You may think that you’re too young to worry about receding gums but you’d be mistaken. Gum disease is a common dental problem that affects the attachment between the gums and the teeth, according to the Canadian Dental Association, and it can begin at any age; the condition develops slowly and often with no pain. Evidence suggests that people with gum disease are at greater risk for developing heart disease.
Gum disease causes When plaque is not removed from teeth daily by brushing and flossing, it hardens into tartar, which can lead to gingivitis. When gingivitis worsens, infection forms where the teeth attach to the gums, breaking down the gum tissue. Left untreated, gum disease may lead to tooth infection and loss.
Gum disease symptoms Brushing teeth may cause redness and bleeding. As gingivitis worsens, the gums may be puffy, swollen or bleeding. Sensitive teeth, persistent bad breath or a taste of metal are also signs of gum disease.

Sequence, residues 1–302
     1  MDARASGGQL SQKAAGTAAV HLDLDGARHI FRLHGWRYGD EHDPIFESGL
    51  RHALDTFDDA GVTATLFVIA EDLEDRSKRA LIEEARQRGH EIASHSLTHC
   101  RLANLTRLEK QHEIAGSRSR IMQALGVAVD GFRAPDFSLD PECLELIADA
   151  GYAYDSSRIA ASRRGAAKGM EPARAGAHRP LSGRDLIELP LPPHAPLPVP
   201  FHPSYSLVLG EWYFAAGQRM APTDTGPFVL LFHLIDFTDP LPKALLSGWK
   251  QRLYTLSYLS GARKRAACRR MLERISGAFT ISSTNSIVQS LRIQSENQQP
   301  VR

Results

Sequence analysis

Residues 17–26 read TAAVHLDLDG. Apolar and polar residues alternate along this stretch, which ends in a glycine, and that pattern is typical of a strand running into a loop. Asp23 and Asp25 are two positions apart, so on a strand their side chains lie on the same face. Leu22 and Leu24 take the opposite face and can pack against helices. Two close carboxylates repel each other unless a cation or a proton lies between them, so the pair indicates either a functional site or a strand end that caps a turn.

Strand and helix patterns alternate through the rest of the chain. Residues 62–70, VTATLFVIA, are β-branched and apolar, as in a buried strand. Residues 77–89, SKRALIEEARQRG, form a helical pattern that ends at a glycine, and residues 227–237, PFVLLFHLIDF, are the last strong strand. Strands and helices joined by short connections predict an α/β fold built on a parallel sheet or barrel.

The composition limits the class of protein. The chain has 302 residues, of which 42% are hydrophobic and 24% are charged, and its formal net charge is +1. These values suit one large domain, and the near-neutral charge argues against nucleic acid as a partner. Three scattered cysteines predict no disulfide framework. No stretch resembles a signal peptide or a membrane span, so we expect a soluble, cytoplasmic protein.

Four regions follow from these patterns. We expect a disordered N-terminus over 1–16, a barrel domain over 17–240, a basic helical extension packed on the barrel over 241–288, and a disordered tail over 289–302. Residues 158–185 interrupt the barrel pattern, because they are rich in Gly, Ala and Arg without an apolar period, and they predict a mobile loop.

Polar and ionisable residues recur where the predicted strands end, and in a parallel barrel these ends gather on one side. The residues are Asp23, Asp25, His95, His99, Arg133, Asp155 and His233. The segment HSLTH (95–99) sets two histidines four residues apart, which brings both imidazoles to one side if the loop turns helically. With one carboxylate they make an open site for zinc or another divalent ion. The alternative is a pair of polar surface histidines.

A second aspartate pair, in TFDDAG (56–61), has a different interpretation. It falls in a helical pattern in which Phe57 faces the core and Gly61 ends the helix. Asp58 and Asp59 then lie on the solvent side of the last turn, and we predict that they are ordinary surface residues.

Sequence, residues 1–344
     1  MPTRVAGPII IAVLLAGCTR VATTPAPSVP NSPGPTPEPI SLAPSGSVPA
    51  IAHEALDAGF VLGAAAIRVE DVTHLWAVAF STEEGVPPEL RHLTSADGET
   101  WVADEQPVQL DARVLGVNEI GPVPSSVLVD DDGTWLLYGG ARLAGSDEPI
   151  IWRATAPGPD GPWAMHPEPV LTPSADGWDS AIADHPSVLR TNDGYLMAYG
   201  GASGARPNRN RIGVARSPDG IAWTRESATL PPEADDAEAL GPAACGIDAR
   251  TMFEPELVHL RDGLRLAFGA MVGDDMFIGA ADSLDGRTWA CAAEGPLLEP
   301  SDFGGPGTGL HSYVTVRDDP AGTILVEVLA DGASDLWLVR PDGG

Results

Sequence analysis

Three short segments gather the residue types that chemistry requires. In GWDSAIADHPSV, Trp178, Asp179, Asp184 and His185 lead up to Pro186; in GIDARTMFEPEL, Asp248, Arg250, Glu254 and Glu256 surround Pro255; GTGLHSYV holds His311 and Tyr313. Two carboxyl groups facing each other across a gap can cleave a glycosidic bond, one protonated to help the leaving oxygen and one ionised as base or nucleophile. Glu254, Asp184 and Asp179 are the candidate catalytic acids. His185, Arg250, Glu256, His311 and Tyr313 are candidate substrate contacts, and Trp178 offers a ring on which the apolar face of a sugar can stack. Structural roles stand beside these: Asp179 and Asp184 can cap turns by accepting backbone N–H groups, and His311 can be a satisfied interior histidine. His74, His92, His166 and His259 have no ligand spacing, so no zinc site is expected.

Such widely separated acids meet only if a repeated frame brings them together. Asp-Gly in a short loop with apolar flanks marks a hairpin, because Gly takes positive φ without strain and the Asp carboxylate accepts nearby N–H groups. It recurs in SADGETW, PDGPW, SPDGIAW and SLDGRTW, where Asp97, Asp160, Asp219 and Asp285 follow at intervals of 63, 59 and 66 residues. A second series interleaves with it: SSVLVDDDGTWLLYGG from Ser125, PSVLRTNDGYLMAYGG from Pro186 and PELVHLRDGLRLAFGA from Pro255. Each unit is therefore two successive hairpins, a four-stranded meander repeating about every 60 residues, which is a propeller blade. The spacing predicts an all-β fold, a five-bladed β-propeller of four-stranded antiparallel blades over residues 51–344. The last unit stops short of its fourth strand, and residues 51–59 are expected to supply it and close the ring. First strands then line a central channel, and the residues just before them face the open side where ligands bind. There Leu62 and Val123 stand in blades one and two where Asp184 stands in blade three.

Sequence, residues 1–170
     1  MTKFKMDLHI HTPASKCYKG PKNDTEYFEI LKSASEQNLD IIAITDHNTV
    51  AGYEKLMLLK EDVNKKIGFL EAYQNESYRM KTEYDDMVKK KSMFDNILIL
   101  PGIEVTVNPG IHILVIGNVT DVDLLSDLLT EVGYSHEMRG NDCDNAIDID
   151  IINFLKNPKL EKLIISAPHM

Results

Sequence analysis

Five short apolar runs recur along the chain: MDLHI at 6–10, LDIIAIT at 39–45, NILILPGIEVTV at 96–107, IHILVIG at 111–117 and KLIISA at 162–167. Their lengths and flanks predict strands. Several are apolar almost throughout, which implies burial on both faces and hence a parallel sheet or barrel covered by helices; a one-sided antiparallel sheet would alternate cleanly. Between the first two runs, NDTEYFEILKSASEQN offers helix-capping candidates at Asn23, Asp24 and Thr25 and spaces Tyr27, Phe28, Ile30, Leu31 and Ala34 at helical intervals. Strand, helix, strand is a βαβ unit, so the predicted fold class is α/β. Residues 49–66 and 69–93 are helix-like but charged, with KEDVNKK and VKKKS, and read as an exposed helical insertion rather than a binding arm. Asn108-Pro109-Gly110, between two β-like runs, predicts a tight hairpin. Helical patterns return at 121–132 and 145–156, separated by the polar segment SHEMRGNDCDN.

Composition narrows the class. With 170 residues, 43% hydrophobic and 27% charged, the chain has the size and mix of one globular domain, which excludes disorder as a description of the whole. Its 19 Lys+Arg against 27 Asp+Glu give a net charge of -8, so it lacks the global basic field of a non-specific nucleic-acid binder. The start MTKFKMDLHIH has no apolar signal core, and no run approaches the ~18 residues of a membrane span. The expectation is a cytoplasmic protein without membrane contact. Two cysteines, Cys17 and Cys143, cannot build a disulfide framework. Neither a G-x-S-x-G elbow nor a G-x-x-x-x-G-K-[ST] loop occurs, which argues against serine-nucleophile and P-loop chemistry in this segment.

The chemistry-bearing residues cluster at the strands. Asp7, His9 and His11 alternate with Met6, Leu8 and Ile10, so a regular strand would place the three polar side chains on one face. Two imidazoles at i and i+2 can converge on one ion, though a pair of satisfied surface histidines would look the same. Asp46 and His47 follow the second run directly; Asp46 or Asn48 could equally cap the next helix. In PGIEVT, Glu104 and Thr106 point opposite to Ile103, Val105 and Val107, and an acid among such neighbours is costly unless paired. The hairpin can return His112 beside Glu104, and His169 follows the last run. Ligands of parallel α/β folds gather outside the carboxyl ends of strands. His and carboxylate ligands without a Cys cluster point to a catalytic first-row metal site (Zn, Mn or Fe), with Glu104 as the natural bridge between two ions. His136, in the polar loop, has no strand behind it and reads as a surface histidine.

Gum disease diagnosis/tests If you have the symptoms of gum disease, make an appointment with your dentist who will discuss your personal dental care and take your medical history to determine if you have any underlying conditions that might be causing the problem. She’ll inspect the shape and colour of your gyms for redness and puffiness, possibly using a mirror and periodontal probe, to see how much your gums are receding, and check to see if your teeth move which can indicate loss of the supporting bone. It’s also possible she will do a series of X-rays of your teeth to check for bone loss. Your dentist may refer you to a periodontist, an expert specializing in gum disease.
Gum disease treatment Gum disease is treatable. In the early stages, cleaning by a dentist or hygienist will remove plaque and tartar. If gum disease is more advanced, a periodontist who specializes in treating gum disease and restoring bone and gum tissue, may be involved in treatment.
Gum disease prevention Gum disease is preventable. Practice good oral hygiene: Brush at least twice daily, floss at least once a day and see your dentist regularly for cleanings and check-ups so she can spot any early signs of the disease.